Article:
Tuesday, April 14, 2015

BEAT THE CHAMP: AN ALBUM REVIEW

By Erik Bergstrom



The music world has been abuzz since The Mountain Goats released their latest album, Beat the Champ (last week on streaming platforms, this week for vinyl and compact disc geeks). Though nearly every review has been positive, they all seem to run on a spectrum of either calling lead singer John Darnielle's fandom cute to harmlessly labeling the album as kitsch. No, not even decades of writing well-regarded music or even being an award-winning novelist can shake the stink pro wrestling gives off to the uninitiated.

Now by no means am I a seasoned music reviewer (I believe I wrote one review, that on a Weird Al CD I bought in 6th grade), but I feel this album at least deserves a once-over by someone who respects pro wrestling in the same ways Darnielle supposes to: as a nuanced, populist chameleon of an art form with characters that screenwriters and TV producers alike would sacrifice their children for.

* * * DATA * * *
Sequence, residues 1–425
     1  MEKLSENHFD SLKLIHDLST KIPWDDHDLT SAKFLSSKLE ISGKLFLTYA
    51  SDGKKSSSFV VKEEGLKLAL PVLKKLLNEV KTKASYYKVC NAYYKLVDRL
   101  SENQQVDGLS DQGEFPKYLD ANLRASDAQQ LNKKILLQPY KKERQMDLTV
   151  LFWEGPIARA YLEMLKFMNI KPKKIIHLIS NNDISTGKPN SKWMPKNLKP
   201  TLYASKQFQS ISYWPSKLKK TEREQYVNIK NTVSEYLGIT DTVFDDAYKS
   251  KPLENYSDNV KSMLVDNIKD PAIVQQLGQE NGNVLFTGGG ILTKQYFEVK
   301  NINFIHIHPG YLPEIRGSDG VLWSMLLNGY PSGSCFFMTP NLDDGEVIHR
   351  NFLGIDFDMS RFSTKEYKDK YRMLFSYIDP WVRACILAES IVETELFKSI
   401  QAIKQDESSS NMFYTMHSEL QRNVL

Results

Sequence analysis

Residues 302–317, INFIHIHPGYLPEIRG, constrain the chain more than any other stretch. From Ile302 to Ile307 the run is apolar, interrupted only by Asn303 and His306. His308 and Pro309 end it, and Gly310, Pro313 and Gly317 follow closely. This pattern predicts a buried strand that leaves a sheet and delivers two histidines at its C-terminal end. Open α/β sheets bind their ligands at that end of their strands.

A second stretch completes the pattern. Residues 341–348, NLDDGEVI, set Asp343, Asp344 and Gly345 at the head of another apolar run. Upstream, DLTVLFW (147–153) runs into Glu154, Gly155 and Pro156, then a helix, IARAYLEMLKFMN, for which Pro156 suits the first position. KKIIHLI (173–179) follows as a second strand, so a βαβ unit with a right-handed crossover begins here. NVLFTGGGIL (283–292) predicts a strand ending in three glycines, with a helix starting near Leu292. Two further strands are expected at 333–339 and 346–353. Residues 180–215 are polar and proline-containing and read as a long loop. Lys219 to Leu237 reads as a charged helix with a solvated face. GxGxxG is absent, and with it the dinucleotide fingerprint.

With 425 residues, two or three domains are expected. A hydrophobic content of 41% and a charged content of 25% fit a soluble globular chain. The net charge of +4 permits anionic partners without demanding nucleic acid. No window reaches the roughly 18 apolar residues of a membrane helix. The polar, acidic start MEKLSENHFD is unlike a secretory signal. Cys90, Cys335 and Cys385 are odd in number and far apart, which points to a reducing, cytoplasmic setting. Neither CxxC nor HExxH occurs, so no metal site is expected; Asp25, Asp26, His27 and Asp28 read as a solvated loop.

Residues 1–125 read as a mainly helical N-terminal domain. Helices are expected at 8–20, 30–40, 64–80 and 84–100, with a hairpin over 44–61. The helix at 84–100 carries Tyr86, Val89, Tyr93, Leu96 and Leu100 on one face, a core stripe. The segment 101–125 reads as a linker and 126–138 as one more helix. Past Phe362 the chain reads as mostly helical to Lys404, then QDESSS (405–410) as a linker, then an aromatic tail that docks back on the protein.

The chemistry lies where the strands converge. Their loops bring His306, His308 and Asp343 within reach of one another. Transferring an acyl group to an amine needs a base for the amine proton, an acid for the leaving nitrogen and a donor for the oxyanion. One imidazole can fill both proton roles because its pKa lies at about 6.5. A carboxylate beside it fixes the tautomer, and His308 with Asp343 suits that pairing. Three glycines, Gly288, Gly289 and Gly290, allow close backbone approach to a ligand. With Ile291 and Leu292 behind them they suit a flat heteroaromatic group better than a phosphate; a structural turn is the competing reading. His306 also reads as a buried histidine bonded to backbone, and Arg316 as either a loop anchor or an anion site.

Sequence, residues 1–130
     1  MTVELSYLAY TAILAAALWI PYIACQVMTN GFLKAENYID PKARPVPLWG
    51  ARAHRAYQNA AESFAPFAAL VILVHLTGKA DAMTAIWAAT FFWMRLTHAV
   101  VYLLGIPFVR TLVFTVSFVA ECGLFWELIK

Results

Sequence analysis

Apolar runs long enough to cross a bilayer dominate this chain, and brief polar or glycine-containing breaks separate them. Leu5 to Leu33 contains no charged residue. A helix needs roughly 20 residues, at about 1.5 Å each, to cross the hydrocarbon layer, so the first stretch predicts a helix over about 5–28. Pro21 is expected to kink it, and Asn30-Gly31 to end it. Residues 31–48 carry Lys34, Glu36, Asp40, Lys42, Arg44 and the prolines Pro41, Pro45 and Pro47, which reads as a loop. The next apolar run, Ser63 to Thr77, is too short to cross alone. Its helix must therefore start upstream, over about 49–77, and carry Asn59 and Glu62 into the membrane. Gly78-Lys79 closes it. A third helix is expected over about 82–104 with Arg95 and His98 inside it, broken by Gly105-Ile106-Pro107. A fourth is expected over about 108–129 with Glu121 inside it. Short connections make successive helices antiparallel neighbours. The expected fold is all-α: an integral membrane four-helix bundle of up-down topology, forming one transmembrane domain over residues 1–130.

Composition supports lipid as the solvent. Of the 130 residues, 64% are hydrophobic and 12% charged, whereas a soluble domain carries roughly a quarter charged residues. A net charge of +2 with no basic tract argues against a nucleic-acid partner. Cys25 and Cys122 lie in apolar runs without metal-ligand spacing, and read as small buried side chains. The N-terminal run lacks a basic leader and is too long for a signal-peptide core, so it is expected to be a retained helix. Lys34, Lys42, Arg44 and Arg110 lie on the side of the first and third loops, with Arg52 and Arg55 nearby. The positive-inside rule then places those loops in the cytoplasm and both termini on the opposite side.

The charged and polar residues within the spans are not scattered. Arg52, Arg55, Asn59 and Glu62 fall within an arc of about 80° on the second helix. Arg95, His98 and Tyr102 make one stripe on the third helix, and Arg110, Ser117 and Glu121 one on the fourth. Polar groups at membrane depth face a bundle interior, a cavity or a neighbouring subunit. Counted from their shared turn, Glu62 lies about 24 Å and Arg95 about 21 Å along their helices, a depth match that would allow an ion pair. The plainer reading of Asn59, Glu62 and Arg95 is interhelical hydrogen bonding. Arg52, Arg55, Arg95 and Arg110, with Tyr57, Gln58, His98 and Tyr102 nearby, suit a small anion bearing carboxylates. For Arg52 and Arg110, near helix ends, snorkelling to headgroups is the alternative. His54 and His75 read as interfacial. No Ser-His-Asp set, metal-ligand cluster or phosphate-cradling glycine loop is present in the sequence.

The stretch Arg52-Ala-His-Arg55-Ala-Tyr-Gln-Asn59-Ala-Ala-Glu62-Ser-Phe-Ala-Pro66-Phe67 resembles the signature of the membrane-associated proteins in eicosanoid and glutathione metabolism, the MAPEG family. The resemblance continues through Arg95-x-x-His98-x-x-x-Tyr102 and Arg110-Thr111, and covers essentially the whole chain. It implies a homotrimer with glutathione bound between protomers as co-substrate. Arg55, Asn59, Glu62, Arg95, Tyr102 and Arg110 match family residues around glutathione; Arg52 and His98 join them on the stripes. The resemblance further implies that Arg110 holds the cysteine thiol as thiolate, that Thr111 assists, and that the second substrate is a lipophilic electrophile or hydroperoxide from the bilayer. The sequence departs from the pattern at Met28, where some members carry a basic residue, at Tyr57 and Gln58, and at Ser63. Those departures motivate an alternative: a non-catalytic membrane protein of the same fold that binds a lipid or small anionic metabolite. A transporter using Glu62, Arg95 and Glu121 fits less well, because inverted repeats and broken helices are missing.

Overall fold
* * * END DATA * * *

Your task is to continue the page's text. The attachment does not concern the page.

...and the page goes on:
Having listened to the album numerous times now, it's clear that Darnielle is going for a concept album—but about what? The fantasy? The folklore? His own childhood fandom and how it's morphed with his life experiences? To be honest, it's kind of a melting pot of all this, and then some. The album begins with the oddly-timed piano notes of the retrospective Southwestern Territory. When Darnielle's high, vulnerable tenor comes in and he starts rattling on about the story of a haggard wrestler finally discovering his loneliness, we understand that this is an old hero's goodbye—a movie beginning at the end.